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26 July 2022

‘Detail is important’: how to get the medical help you need after a riding fall or incident on the ground

Think back to the last time you fell off your horse or were injured while handling them on the ground — how did you describe what happened and any injuries you might have suffered to your family or friends?

As riders, we commonly describe our injuries badly, in a vague manner lacking detail. Now, you might think this is the way it’s done, or perhaps it’s to protect pride after a fall (literally!), but not describing injuries properly, and not taking appropriate action based on injuries, can have serious consequences.

Dr Diane Fisher is the chief medical officer for the British Equestrian Trade Association (BETA), a major trauma and emergency medicine consultant and a horse rider too.

As part of BETA’s Summer of Safety campaign, Diane is working to encourage more people to learn how to describe what really happened and explains why it really matters.

“Equestrians are notoriously bad at describing what’s happened to them,” said Diane. “And if they’re speaking to a non-equestrian, it’s a lot worse. When someone comes to see me and they say that they’ve had a fall, I know what questions to ask as I’m a rider myself, but not everyone is.

“People take descriptions literally, so it’s down to us as riders to help the doctors to help us get the care we may need.”

How to be specific when discussing a fall

The truth is that if someone isn’t horsey, they don’t understand what some of the phrases used really mean. ‘Slipped off’, ‘took a tumble’, ‘unscheduled dismount’ — these don’t help! In fact, to ensure that we’re giving medical professionals all the information they need to help us, we need to be very clear about what has occurred.

“The injury mechanism of falling off a horse at canter, for example, is not that different to someone coming off a motorbike. The bike might be moving faster, but depending on what’s happened, there are a lot of similarities when it comes to the two,” states Diane.

She adds that riders need to be specific when discussing falls and explain the following:

  • Exactly what happened?
  • How fast were you going?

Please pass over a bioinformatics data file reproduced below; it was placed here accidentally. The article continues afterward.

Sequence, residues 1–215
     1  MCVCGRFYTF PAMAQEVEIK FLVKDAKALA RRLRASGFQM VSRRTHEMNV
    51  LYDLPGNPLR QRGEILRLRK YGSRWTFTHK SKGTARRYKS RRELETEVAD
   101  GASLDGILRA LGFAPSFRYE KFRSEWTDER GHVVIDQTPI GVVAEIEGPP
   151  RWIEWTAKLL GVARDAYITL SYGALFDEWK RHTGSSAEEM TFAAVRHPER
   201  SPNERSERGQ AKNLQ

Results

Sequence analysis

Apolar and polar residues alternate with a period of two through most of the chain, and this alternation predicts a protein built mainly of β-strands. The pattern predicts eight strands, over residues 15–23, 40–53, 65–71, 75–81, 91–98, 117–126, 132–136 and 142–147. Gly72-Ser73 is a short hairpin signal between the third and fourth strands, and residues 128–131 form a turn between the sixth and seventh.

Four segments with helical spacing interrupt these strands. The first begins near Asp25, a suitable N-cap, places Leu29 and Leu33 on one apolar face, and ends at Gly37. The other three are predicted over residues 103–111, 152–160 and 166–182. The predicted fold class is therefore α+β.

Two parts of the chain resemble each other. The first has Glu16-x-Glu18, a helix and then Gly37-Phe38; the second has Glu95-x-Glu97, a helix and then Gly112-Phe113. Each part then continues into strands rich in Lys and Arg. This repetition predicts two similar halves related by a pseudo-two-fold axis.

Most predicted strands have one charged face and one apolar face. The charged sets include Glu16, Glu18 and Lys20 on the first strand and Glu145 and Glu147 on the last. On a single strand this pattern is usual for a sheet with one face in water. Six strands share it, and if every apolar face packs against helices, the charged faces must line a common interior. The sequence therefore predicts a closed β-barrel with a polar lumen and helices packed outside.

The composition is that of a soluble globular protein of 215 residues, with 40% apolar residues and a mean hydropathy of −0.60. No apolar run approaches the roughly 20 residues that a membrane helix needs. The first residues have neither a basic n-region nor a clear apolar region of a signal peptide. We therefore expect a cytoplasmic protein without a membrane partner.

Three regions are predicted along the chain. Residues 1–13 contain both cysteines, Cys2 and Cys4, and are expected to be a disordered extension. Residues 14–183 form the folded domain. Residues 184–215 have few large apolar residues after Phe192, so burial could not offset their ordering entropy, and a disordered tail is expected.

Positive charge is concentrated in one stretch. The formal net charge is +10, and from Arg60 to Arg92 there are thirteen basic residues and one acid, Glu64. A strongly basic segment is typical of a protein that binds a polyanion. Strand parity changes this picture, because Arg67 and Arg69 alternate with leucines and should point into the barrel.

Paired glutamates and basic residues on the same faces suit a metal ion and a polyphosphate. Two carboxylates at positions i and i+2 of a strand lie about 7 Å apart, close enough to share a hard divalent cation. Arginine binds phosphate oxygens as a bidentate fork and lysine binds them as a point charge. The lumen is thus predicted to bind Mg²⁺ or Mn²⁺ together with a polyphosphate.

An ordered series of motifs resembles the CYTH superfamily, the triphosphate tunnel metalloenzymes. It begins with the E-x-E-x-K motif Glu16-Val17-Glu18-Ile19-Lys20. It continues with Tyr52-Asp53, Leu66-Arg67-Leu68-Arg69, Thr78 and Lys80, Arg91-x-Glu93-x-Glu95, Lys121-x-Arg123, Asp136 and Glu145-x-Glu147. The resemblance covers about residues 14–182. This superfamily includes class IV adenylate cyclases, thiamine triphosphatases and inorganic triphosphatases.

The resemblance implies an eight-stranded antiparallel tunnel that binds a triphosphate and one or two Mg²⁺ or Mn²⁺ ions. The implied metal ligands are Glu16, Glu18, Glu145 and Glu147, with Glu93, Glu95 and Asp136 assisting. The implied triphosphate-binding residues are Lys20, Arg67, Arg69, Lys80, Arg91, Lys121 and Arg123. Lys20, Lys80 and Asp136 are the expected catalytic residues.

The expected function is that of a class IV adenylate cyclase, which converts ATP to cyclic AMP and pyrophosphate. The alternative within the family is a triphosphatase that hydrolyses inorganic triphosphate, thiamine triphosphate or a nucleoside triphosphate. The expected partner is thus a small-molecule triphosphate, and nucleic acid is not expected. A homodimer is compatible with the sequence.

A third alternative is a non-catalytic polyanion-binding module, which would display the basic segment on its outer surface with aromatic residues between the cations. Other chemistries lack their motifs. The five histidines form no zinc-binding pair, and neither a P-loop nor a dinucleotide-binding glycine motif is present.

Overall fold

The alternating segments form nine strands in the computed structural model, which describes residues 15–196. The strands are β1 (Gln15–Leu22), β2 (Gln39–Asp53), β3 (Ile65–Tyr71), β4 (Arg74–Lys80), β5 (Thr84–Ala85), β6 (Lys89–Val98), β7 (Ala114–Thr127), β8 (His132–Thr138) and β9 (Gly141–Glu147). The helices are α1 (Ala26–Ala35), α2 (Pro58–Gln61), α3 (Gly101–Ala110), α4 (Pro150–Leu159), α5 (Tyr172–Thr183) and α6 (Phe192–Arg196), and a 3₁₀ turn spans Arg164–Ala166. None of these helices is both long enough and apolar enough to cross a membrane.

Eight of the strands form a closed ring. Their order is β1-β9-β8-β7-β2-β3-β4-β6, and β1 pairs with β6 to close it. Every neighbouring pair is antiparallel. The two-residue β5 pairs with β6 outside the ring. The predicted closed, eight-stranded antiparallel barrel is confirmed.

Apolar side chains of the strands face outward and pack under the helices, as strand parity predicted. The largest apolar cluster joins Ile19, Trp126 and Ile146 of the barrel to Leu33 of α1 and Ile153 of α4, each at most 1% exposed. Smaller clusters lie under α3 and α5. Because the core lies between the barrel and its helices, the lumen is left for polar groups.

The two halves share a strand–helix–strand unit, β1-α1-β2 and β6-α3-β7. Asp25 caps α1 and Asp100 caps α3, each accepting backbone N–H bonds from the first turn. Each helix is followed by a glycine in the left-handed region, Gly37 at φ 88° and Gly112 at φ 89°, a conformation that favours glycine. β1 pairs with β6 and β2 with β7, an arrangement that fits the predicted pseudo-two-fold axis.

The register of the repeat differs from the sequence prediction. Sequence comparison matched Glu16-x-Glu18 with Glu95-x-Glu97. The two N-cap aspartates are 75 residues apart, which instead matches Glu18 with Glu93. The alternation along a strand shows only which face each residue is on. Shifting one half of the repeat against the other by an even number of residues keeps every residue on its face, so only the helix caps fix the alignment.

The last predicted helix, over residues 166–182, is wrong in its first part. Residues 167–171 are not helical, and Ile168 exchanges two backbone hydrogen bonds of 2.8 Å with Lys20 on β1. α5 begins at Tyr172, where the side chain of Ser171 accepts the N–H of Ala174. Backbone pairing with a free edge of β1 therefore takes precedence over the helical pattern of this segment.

• How tall was the horse? (And bear in mind that to the non-equestrian, a measurement in hands may not mean very much)
  • What did you land on as a surface?
  • What parts of your body sustained an impact?
  • What safety equipment were you wearing?
  • If you were crushed, how heavy (roughly) was the horse that crushed you?

“If your accident happened on the ground, detail is still really important,” says Diane. “The more information you give and the more detailed the explanation, the quicker we can work out what injuries you could have sustained and investigate appropriately.”

However, it’s not just the description of the accident that needs work, the time it takes riders to get help and visit their local A&E, Minor Injuries or GP is very important.

“I have had riders that have looked after their horses, cooked supper, done the school run and driven to see me with some really serious injuries,” says Diane. “A few have been very lucky to get to me alive.”

BETA’s Accident Reporting Form

Share details of your fall or incident with BETA to help shape future decisions around safety gear

At last year’s Your Horse Live, BETA launched an accident reporting form to help collate and learn from accidents involving horses.

The form is easy to fill in and enables equestrians to share details relating to their accident, whether it happened on the ground or was a fall.

Information gathered via the form will be studied and used to help inform the manufacturers of safety equipment, helping support the continued evolution of safety equipment in line with the needs of horse owners and riders.

“As an industry, we are incredibly dedicated to the safety of the people inside it,” says Claire Williams, executive director of BETA.

“We are lucky that our members are passionate too, and invest huge amounts of money and time in the design and testing of safety equipment to help keep us all safer.

“But now, we can help feed information in at the other end too. By sharing information about accidents, injuries, impacts and everything else, we can look for patterns and trends and, if needed, work with manufacturers to consider other options, and make these a reality.

“I’d really urge everyone to report accidents. It does take a few minutes, but your input could be involved in keeping other equestrians much safer too.”

To access the BETA Rider Accident & Equipment Report Form, scan the QR Code (left) or find it here.

For more information about BETA, visit www.beta-uk.org. To get involved with the Summer of Safety, follow BETA on Instagram and Facebook.

by yourhorse

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